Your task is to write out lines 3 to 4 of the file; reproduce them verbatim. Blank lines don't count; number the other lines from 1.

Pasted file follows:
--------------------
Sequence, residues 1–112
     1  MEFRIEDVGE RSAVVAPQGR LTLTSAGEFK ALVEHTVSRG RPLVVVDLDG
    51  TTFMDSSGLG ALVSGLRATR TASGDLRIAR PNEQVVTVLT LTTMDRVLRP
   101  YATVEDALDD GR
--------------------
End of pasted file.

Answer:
    51  TTFMDSSGLG ALVSGLRATR TASGDLRIAR PNEQVVTVLT LTTMDRVLRP
   101  YATVEDALDD GR